As the singers descended the stairs, still singing the funeral chants, the early sun was rising in the sky, when Alexander threw down his torch, followed by several of his men. It is easy to imagine the bonfire spreading through each step of the gigantic pyre, ascending upwards as a cataract of flames and smoke. The tower started to creak and as the heavy sculptures and columns would fall from high, eagles, lions, serpents, plunging in flames with a thudding noise. The heat, glow and sound reverberated in the distance until all became ash.
After the ceremony Alexander requests for the sacred flame of the temple of Babylon to be extinguished, an act reserved for the death of the great king himself. The funeral ceremony was followed by 15 days of celebration with a theater and music festival, besides a large arena where over 3000 athletes competed in sports and games. One must imagine the impact of such an event, since Hellene athletes of the time practiced sports almost naked. The audience must have seen ball games, wrestler and runners everywhere fighting for victory with their naked muscles. Below I show artistic images of athletic games and Dionysian music festivals.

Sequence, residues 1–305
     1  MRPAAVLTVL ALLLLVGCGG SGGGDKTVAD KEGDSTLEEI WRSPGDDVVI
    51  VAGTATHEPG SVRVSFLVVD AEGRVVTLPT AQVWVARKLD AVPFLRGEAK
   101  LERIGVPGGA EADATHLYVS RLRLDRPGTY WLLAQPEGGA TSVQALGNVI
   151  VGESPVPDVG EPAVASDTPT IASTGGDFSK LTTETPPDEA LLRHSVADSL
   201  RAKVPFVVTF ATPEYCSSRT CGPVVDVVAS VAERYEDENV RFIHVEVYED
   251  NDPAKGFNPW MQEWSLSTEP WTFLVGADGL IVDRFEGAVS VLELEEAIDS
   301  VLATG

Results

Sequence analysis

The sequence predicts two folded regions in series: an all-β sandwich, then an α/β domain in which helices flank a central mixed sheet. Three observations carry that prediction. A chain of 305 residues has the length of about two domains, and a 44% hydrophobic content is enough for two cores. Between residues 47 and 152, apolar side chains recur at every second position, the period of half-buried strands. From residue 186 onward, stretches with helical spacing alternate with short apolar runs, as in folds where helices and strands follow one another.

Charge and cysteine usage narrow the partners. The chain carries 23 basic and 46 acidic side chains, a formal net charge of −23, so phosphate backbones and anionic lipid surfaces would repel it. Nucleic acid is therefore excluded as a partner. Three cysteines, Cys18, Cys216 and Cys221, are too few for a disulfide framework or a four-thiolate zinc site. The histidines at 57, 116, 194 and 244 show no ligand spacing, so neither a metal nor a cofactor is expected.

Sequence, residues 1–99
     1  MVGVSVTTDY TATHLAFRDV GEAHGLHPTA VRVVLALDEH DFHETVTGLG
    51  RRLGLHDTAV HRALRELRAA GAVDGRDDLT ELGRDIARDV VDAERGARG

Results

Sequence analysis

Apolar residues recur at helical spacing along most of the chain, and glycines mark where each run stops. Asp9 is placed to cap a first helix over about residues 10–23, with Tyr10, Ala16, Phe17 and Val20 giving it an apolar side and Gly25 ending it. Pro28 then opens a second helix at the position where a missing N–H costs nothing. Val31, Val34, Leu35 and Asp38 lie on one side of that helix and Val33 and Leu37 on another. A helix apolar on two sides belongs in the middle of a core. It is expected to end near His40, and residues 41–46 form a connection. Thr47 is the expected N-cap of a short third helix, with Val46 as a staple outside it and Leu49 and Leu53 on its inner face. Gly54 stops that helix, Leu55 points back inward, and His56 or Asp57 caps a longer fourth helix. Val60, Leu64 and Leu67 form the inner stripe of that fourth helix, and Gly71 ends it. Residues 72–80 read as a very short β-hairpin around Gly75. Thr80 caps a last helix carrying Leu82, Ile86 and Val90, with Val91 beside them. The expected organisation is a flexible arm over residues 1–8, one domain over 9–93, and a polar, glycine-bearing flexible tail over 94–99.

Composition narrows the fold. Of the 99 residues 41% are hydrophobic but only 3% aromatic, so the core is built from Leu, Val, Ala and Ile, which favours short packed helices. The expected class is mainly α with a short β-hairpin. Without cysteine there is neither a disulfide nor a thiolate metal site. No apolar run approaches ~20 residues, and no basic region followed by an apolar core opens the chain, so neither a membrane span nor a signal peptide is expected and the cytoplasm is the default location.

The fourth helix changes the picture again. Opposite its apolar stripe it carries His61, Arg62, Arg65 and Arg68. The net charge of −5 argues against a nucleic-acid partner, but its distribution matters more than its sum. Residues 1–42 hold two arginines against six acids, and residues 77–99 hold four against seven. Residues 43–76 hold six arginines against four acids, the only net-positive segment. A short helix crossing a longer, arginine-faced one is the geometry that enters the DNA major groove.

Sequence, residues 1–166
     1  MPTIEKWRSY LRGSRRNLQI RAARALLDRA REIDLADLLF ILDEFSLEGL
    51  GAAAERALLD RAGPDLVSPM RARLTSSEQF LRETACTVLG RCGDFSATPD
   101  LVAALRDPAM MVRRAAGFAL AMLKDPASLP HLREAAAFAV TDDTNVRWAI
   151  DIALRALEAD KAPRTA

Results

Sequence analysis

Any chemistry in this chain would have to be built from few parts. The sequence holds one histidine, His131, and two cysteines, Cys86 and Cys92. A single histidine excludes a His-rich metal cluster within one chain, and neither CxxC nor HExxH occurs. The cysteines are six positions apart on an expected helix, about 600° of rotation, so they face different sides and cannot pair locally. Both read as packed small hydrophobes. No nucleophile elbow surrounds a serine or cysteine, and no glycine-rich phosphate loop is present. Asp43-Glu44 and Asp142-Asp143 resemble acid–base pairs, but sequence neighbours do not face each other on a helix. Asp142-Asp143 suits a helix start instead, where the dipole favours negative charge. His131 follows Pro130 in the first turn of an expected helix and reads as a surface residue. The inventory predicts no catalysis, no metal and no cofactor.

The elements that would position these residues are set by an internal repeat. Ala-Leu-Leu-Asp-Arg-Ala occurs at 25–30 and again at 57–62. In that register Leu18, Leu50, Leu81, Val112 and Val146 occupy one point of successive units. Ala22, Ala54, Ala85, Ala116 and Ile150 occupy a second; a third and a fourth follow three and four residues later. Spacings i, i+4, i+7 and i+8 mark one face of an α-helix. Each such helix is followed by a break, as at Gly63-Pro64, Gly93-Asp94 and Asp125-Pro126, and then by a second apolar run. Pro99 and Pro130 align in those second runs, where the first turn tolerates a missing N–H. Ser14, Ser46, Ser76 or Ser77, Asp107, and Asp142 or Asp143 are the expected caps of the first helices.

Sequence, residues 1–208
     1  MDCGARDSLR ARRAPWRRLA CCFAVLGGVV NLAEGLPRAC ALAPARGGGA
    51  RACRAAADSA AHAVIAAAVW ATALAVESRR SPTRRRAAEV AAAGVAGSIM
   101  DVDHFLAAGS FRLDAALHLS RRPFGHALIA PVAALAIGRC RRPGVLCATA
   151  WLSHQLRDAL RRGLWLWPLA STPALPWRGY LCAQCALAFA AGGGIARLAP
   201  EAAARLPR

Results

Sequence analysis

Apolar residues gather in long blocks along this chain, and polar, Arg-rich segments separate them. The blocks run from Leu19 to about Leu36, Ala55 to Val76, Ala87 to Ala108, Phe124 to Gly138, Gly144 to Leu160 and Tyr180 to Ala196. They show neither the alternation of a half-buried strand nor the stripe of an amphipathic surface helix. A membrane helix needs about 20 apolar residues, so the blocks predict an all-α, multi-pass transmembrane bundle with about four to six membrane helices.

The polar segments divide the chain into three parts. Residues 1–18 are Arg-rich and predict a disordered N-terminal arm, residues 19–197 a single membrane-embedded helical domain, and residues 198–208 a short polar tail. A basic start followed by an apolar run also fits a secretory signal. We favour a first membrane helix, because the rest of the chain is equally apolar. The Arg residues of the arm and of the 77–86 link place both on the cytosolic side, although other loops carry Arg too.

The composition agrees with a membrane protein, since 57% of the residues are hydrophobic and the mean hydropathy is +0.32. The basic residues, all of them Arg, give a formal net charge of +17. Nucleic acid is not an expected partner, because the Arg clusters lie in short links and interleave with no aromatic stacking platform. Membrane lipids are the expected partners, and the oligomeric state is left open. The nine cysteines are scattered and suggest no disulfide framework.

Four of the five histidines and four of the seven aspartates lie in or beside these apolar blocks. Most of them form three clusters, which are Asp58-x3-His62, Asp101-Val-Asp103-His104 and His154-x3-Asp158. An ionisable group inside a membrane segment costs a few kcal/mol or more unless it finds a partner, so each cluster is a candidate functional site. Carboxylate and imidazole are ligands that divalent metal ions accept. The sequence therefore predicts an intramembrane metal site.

Some estimate Hephaestion’s funeral to have costed the equivalent of 2.3 billion USD, similar as a Forbes billionaire burning its entire fortune to mourn a companion. Such was the emotion lived by Alexander and his companions in life. Of course, one may think that the pyramids of Egypt were more expensive tombs, however those were monuments meant to last forever and not merely a funeral rite. This funeral was extensively described by ancient historian Diodorus Siculus, but it goes unmentioned in several other ancient sources. Some modern historians, such as Robin Lane Fox, express some doubts about whether this funeral really happened or whether Diodorus was confused a crazy plan conceived by Alexander and that never really materialized. In my personal opinion I believe it is more likely that Diodorus was describing real events, although perhaps a bit exaggerated. After all Alexander was the wealthiest man of his age and often had no qualms about spending the money he pillaged during his invasions. One can even think that his expeditions to Afghanistan and Pakistan were merely the result of his wish to spend funds to gain more glory, since those were backward regions that his men really did not want to invade. Therefore why not believe that the Macedonian king would not have spent on a lavish funeral for a friend? More recently a gigantic tomb was discovered in Greece, which some people think could be the final resting place built for Hephaestion: